Andrew Simms, an important progressive economist in Britain, has a new book about climate economics, called Cancel the Apocalypse: the New Path to Prosperity
This is a welcome addition to the climate debate.
I have to say, I've been very disappointed by the lack of economic literacy and common sense in several of the prescriptions I've read from environmentalists recently, even quite famous and important ones, so I'm looking forward to reading Simms's book.
Simms is a Keynesian with training in ecological economics, which, regular readers will know, is what I think is the correct approach, or mix of approaches. There are very few folks in the economics profession who have this background.
Most ecological economists and quite a lot of climate campaigners want to abolish a good deal of private property and make a fair chunk of normal capitalistic activity illegal. They may not quite realize they want to do this, but this is the natural consequence of some of their prescriptions.
They need to think it through some more.
Here's an example. Suppose we came up with a policy prohibiting the use of coal in the US, desirable from a climate point of view? This would essentially abolish the value of a large amount of private property in US coal. It would also cause difficulty for industrial processes that use coal as in input in production, such as the steel industry.
Or a policy banning the use of tar sands in the US, again quite sensible from a climate point of view?
Is oil from Canadian tar sands as nasty a product as, say, illegal drugs from Canada? Probably, considering the climate damage, but it's very hard for the US to completely ban it, given current rules and regulations and the primacy of capitalism in general in both the US and Canada. What if the tar sands have already been refined and are essentially indistinguishable from ordinary oil products such as gasoline? Can they still not be imported? This would mean that every "Irving" oil truck (a Canadian brand with many outlets in Maine) that crosses the border would have to have chemical analysis to performed on the contents.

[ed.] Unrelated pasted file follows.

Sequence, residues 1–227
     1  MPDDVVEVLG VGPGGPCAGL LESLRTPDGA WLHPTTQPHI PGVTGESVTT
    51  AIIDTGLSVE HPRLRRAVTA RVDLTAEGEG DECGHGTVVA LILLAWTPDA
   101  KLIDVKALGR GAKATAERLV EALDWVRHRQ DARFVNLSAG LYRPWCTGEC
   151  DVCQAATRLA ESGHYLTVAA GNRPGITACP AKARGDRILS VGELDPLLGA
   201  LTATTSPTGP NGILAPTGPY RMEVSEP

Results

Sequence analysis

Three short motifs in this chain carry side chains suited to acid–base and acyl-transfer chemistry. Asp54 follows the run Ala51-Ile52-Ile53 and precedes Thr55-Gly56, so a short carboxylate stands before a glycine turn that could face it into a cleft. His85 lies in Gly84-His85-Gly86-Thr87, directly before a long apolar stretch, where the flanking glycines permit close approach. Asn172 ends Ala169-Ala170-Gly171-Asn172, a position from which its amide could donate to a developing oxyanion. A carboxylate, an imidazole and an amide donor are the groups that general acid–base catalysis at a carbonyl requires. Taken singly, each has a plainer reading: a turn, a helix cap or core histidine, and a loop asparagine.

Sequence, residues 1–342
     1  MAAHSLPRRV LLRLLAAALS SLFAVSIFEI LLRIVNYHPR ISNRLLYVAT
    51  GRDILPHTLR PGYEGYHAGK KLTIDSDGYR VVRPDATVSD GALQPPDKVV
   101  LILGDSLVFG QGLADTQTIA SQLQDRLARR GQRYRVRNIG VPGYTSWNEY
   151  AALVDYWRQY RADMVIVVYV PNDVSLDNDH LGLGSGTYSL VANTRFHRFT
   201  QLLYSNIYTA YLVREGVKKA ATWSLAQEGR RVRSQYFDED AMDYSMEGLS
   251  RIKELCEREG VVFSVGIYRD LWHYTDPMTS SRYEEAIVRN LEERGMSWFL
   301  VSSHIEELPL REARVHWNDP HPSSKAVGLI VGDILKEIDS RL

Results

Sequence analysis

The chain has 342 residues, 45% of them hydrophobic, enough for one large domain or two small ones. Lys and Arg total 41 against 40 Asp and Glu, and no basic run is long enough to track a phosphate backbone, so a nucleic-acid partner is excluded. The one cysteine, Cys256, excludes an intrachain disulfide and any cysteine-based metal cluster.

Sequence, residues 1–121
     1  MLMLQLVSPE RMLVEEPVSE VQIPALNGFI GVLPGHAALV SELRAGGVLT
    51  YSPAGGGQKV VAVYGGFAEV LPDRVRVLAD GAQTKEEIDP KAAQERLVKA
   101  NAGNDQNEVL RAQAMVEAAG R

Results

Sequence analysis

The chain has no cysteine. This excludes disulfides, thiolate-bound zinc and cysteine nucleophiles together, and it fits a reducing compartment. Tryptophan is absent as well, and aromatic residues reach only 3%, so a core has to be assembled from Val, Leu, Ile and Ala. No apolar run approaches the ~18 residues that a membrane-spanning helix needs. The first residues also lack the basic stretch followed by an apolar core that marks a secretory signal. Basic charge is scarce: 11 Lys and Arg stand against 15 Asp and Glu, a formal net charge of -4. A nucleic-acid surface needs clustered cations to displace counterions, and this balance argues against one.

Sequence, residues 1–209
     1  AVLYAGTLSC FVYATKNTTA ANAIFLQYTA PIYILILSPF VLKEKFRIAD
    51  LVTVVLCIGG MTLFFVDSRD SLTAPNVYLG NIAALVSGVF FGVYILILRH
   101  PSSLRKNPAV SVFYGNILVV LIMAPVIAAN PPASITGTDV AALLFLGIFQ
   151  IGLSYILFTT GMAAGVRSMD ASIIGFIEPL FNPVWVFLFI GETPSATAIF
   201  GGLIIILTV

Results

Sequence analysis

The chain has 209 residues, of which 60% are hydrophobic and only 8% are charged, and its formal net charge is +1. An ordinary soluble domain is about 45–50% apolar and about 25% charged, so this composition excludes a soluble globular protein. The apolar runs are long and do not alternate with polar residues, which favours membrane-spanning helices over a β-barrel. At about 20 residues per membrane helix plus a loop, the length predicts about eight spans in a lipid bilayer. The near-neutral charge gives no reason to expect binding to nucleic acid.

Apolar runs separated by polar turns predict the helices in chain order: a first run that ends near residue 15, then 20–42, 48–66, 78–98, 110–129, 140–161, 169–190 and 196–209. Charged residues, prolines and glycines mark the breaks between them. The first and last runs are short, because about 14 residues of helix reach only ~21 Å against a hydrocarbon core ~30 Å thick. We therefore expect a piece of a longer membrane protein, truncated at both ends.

You see the difficulty.
I tend to think that taking steps like these might be reasonable and even desirable, but are unrealistic in today's political economy. Public opinion in the west, especially the US, Britain, Australia and Canada -- the countries with the strongest version of free market economics -- is not even close to taking steps this radical.
Even though I'm quite willing to admit that taking such radical steps might be reasonable, given the climate consequences, I don't think they are politically feasible.
I tend to think we will do better, faster, if we choose to work with the list of typical Keynesian measures: taxes, subsidies, encouragements to invest, and fiscal stimulus, but all targeted carefully to promote renewable energy and energy efficiency, and, of course, targeted carefully against high-carbon energy sources. Then we don't have to take on capitalism and climate change at the same time. We can use capitalism as an ally in the battle against climate change, not make it an enemy, as we seem to be trying to do now.
So I'm looking forward to reading Simms' book. In his article for the Guardian, linked above, Simms even cites Keynes' most important work (in my opinion), the short pamphlett How to Pay for the War.
It's coming from the UK, so it will be a while. But I'll let you know.